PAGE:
A study of mice by researchers has led to the discovery that Zika virus can actually live in the eyes. The researchers were able to identify a genetic material from the virus in tears, confirming eye infection in Zika.
The study, which was from Washington University School of Medicine in St. Louis, was published September 6 in Cell Reports. It details the effect of Zika virus infection in the eyes of mouse fetuses, newborns and adults.
Michael S. Diamond, MD, PhD, the Herbert S. Gasser Professor of Medicine and one of the study’s senior authors says;
“Our study suggests that the eye could be a reservoir for Zika virus, We need to consider whether people with Zika have infectious virus in their eyes and how long it actually persists.”
Following the discovery, the researchers plan on carrying out complementary studies in human patients infected with the virus. To determine what effect Zika infection has on the eye, the researchers infected adult mice under the skin.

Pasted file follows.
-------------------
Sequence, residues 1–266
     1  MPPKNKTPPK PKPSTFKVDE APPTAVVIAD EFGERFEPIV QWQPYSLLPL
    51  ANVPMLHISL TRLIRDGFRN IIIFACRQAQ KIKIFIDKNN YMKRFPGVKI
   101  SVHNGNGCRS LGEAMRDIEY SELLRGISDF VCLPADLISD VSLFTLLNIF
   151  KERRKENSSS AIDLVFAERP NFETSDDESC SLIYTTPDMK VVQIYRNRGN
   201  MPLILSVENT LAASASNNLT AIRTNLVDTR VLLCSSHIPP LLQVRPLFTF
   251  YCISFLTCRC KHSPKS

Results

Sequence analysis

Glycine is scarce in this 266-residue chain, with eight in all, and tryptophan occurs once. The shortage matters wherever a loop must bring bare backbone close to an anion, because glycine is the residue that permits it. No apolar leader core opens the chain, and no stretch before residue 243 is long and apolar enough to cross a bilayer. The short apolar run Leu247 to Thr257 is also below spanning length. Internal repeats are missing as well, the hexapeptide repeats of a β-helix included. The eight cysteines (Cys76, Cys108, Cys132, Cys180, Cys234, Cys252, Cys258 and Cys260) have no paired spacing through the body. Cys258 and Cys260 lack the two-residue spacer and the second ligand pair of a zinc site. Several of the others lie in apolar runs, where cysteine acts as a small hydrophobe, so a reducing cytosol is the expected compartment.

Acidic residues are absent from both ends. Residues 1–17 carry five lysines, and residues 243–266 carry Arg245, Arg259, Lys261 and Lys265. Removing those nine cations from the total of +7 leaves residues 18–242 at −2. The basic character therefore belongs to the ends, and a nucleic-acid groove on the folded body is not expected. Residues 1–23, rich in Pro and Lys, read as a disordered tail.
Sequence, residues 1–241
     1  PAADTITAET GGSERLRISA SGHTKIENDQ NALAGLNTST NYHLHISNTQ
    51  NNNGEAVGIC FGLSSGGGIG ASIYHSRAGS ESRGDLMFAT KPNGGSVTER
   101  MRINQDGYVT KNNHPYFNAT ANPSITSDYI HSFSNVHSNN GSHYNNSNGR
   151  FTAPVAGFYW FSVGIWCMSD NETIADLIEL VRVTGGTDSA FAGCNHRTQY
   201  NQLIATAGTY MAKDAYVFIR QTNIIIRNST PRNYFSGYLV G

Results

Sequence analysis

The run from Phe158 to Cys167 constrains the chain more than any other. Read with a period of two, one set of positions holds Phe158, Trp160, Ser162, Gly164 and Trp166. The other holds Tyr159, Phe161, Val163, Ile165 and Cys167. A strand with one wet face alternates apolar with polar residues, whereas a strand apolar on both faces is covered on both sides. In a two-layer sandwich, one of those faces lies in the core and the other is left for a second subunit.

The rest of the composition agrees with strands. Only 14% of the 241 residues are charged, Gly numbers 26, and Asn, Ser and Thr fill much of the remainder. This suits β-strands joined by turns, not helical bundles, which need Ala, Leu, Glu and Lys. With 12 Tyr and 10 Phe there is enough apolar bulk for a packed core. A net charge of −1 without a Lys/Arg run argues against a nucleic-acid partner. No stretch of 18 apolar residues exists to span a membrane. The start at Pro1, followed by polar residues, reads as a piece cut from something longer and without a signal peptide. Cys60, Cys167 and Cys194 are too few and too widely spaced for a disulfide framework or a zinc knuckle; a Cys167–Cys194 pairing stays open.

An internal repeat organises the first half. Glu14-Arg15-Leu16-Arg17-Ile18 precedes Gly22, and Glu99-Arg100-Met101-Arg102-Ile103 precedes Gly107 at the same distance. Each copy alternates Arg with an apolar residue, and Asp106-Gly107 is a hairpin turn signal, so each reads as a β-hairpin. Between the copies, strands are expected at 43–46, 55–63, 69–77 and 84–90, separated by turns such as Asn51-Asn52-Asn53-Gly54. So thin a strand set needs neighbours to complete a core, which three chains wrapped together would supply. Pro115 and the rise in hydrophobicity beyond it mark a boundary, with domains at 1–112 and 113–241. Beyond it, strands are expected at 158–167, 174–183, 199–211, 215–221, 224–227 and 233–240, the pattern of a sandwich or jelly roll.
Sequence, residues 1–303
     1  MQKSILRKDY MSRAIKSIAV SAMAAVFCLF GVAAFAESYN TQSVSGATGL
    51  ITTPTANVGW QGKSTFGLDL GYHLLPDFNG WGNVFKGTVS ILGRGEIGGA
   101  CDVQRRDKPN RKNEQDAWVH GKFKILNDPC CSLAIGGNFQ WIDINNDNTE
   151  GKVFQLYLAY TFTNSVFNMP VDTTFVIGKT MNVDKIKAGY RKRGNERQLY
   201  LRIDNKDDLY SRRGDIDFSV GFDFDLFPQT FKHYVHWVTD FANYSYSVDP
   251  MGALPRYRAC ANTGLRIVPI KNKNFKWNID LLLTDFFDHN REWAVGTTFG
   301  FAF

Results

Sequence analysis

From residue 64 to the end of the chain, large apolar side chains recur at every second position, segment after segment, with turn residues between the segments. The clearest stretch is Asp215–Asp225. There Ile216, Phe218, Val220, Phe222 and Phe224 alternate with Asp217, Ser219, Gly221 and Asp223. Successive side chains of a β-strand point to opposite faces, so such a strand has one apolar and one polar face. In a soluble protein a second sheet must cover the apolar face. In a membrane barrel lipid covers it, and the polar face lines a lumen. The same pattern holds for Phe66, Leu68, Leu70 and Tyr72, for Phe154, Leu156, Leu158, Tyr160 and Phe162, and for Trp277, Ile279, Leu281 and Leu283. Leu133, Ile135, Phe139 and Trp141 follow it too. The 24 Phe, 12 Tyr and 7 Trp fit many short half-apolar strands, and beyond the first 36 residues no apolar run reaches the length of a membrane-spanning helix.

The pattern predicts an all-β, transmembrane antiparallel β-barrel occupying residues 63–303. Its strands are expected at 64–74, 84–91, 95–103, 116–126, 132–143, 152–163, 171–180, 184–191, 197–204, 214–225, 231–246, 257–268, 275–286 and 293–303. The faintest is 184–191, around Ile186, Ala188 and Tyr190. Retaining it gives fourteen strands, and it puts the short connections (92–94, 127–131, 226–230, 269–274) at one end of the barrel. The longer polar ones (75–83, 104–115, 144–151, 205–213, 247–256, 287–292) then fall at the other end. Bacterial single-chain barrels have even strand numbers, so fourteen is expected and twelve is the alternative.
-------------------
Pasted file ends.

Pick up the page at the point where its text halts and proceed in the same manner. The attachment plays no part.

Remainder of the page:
The eye infection discovery raises the possibility that people could acquire Zika infection through contact with tears from infected people. Jonathan J. Miner, MD, PhD, an instructor in medicine and the study’s lead author says to that effect that;
“Even though we didn’t find live virus in mouse tears, that doesn’t mean that it couldn’t be infectious in humans, There could be a window of time when tears are highly infectious and people are coming in contact with it and able to spread it..”
If after replicating the study in humans, tears do not turn out to be infectious, the researchers’ detection of live virus in the eye and viral RNA in tears still has practical benefits.
These practical benefits of studying zika induced eye infection include; human tears being tested for viral RNA or antibodies, a less painful way to diagnose recent Zika infection than drawing blood and the mouse eye could also be used to test anti-Zika drugs.